Forty-five percent of all American adults failed a quiz about online and wireless safety, according to an AARP study released this week.
The report, which focused on users’ cyber security habits as well as knowledge, found that while most Americans have a general idea of good cyber security practices, a significant portion of respondents to each question were either not aware of or not implementing the guidelines.
Of particular note are the findings regarding public Wi-Fi use. Public Wi-Fi poses greater cyber security risks due to its lack of firewalls, anti-virus and anti-spyware software. The report found that one quarter of Americans use public Wi-Fi at least one a week, while more than a third (37 percent) use it monthly. Of those who say they use public Wi-Fi weekly, 27 percent have banked while on the public network. Similarly, 27 percent of weekly public Wi-Fi users have purchased a product or service using a credit card on the open system. Both practices are considered unsafe according to specialists.
The study also found that 26 percent of smartphone users did not have a passcode on their phones, leaving their devices open to attacks. Additionally, 27 percent of all respondents reported that they have not changed their online banking passwords in more than 90 days, the recommended duration according to online experts.
Respondents were also unaware of many other helpful cyber security tips, as nearly 40 percent of respondents were not aware that it is not okay to use the same password on multiple sites regardless of password complexity, that mobile wireless connectivity should be disabled in public places even if not in use, and that it is not safe to access sites with sensitive information on a public network, even if the site is protected by https. If you must access the Internet in public, experts recommend using a mobile device’s cell network, which is more secure. Even in that scenario, users should never set their phones to automatically connect to the public Wi-Fi and should always double check they have the correct network, as similar looking fake networks may be in place.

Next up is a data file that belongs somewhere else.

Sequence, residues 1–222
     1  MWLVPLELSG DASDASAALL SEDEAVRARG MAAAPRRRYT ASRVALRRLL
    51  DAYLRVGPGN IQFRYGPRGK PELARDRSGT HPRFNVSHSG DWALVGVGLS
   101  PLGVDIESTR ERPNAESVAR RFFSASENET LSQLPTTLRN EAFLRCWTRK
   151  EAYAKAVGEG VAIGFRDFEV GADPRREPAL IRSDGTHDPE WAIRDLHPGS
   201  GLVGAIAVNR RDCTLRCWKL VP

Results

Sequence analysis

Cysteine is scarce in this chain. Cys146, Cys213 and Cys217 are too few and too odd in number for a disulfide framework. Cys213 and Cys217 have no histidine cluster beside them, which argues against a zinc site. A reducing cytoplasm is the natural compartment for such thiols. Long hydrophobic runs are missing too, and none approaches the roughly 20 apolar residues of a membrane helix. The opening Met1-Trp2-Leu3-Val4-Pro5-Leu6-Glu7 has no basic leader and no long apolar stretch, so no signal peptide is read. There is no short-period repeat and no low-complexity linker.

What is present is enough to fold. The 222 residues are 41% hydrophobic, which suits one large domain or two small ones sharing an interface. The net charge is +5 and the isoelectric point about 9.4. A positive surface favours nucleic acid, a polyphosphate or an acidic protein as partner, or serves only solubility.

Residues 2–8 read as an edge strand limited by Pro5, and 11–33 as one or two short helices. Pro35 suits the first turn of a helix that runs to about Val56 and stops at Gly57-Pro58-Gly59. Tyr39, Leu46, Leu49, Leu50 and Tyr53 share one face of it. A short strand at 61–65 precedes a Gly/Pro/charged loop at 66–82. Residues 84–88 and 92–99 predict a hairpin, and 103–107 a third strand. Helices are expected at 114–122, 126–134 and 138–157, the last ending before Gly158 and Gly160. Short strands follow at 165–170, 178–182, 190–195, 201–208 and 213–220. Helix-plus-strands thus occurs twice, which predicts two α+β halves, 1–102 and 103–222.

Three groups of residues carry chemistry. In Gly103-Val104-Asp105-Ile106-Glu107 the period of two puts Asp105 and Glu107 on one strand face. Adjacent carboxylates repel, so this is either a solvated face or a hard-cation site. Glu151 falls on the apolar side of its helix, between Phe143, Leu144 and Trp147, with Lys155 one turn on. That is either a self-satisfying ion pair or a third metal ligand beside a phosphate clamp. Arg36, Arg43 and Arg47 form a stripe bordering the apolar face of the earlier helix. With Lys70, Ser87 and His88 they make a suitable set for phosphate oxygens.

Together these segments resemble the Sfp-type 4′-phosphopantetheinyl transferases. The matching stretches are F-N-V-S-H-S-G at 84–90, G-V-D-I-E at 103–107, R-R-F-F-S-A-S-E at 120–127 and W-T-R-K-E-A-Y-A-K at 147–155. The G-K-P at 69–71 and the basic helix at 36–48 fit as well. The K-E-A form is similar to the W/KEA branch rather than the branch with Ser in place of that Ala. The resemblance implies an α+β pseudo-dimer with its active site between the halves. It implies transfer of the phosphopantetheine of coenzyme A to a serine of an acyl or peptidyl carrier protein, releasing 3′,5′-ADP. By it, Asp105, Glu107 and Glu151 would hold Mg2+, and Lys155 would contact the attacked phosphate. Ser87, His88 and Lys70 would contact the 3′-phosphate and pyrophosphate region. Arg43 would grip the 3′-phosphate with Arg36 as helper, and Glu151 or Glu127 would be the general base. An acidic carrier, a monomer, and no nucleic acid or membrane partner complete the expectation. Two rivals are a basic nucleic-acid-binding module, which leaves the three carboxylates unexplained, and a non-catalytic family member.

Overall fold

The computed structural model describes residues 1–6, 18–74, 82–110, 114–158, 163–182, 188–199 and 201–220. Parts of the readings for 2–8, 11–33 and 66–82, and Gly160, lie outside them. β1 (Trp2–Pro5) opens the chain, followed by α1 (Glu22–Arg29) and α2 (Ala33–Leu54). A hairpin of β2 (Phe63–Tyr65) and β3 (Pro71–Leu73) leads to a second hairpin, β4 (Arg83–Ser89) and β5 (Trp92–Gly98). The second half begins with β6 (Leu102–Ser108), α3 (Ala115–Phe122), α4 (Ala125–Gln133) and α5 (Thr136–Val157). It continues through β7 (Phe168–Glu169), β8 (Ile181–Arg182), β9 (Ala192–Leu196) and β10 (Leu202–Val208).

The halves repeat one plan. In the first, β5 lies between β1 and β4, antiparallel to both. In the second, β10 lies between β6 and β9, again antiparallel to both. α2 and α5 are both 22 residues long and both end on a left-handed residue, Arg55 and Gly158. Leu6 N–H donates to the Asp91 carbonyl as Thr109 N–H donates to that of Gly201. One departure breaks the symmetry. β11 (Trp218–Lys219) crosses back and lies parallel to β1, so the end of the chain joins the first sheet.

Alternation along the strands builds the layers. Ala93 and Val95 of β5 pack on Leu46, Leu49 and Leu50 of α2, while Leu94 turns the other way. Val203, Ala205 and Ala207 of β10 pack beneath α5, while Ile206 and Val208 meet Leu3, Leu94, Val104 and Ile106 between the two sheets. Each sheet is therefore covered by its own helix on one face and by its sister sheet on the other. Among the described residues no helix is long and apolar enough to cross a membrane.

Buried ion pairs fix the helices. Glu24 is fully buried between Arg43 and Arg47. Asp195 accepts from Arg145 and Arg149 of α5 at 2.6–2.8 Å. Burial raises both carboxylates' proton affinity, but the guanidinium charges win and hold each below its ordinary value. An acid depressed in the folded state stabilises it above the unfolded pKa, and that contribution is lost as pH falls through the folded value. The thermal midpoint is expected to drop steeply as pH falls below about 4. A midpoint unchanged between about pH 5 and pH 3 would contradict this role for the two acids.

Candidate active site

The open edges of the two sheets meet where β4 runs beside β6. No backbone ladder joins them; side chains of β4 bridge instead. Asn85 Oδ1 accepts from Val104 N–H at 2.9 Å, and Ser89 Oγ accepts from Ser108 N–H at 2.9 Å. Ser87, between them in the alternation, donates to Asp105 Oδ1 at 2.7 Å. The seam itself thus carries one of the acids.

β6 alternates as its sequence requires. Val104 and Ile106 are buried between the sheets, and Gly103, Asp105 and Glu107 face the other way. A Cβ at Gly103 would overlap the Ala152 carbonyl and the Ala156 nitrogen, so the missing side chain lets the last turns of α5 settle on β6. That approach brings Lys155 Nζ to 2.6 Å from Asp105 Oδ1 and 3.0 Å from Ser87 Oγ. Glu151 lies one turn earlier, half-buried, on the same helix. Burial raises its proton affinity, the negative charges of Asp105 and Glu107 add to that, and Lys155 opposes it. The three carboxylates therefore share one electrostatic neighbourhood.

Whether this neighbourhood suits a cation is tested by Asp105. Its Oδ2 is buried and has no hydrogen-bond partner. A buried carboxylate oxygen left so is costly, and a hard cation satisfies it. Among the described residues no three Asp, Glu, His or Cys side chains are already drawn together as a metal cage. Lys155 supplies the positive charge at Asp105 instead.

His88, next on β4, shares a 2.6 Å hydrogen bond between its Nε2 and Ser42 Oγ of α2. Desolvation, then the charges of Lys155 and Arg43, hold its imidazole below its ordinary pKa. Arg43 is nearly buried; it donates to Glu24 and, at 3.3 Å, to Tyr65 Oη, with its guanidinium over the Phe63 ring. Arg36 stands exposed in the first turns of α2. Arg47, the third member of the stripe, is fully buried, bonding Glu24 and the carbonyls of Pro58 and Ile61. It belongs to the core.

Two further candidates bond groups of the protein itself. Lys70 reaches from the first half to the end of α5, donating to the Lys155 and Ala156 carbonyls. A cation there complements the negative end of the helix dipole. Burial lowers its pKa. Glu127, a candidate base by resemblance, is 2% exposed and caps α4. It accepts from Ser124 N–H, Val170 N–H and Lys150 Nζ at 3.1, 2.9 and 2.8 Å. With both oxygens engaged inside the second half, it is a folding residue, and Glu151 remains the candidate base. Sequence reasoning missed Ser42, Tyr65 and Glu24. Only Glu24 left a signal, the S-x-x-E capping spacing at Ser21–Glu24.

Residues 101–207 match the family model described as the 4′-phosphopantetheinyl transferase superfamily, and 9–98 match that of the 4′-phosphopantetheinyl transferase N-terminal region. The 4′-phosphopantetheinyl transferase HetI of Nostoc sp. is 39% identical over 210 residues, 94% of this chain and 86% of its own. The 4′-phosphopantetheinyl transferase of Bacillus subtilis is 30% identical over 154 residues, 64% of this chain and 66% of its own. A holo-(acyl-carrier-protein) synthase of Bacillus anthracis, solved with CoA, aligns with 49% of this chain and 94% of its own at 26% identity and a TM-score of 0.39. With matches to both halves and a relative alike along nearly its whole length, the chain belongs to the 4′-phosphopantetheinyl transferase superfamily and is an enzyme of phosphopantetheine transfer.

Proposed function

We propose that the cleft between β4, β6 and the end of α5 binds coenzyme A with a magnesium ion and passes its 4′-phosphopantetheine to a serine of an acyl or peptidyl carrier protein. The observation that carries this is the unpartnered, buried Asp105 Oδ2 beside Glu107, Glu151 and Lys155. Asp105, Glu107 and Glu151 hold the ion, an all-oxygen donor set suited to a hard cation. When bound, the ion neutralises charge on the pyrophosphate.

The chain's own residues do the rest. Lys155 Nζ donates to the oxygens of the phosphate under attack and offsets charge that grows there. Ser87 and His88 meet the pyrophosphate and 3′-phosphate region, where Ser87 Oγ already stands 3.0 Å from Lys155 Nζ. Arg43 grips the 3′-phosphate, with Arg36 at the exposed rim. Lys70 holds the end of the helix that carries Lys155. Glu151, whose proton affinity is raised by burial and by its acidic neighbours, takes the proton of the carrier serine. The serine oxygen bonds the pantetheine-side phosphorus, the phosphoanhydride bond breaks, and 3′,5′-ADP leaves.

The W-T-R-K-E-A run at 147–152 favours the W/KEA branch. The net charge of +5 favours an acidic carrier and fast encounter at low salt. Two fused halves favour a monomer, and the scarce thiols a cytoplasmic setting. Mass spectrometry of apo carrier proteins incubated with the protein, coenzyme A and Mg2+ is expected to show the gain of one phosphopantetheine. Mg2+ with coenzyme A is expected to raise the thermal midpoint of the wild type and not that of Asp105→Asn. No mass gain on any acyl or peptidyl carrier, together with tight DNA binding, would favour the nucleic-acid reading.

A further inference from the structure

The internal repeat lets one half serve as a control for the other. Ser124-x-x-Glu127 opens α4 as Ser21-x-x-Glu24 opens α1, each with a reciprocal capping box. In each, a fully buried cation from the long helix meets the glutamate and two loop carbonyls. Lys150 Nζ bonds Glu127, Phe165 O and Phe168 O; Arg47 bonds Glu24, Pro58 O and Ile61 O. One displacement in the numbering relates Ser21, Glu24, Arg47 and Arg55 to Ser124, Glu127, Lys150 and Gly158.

The report was compiled based on results of a phone survey of 800 American adults between April 2 and April 11, 2015. The total collected sample yields a maximum statistical error of ± 3.5 percent at the 95 percent confidence level. Click here for more information regarding the report, or here for a press release about the findings.